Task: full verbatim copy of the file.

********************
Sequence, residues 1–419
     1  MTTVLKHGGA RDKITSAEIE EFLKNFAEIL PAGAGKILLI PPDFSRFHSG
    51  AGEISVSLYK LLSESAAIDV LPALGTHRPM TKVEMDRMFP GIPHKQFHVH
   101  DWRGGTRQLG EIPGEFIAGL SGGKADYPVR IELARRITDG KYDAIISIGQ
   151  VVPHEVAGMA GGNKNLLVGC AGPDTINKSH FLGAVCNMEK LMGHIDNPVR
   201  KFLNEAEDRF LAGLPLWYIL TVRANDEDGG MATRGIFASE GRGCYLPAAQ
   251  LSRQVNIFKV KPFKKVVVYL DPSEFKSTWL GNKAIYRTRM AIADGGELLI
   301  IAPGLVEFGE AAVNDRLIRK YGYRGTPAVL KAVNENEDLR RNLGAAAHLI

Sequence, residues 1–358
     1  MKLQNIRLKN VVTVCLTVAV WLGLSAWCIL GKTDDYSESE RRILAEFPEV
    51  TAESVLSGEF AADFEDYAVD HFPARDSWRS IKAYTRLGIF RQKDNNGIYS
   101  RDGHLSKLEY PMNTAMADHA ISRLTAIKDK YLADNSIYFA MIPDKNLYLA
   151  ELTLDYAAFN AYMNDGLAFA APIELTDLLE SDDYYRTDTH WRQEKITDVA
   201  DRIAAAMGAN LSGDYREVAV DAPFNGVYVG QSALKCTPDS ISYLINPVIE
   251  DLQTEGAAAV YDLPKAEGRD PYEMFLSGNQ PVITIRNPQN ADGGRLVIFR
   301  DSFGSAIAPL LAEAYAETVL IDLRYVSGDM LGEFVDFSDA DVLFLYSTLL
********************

Sequence, residues 1–419
     1  MTTVLKHGGA RDKITSAEIE EFLKNFAEIL PAGAGKILLI PPDFSRFHSG
    51  AGEISVSLYK LLSESAAIDV LPALGTHRPM TKVEMDRMFP GIPHKQFHVH
   101  DWRGGTRQLG EIPGEFIAGL SGGKADYPVR IELARRITDG KYDAIISIGQ
   151  VVPHEVAGMA GGNKNLLVGC AGPDTINKSH FLGAVCNMEK LMGHIDNPVR
   201  KFLNEAEDRF LAGLPLWYIL TVRANDEDGG MATRGIFASE GRGCYLPAAQ
   251  LSRQVNIFKV KPFKKVVVYL DPSEFKSTWL GNKAIYRTRM AIADGGELLI
   301  IAPGLVEFGE AAVNDRLIRK YGYRGTPAVL KAVNENEDLR RNLGAAAHLI

Sequence, residues 1–358
     1  MKLQNIRLKN VVTVCLTVAV WLGLSAWCIL GKTDDYSESE RRILAEFPEV
    51  TAESVLSGEF AADFEDYAVD HFPARDSWRS IKAYTRLGIF RQKDNNGIYS
   101  RDGHLSKLEY PMNTAMADHA ISRLTAIKDK YLADNSIYFA MIPDKNLYLA
   151  ELTLDYAAFN AYMNDGLAFA APIELTDLLE SDDYYRTDTH WRQEKITDVA
   201  DRIAAAMGAN LSGDYREVAV DAPFNGVYVG QSALKCTPDS ISYLINPVIE
   251  DLQTEGAAAV YDLPKAEGRD PYEMFLSGNQ PVITIRNPQN ADGGRLVIFR
   301  DSFGSAIAPL LAEAYAETVL IDLRYVSGDM LGEFVDFSDA DVLFLYSTLL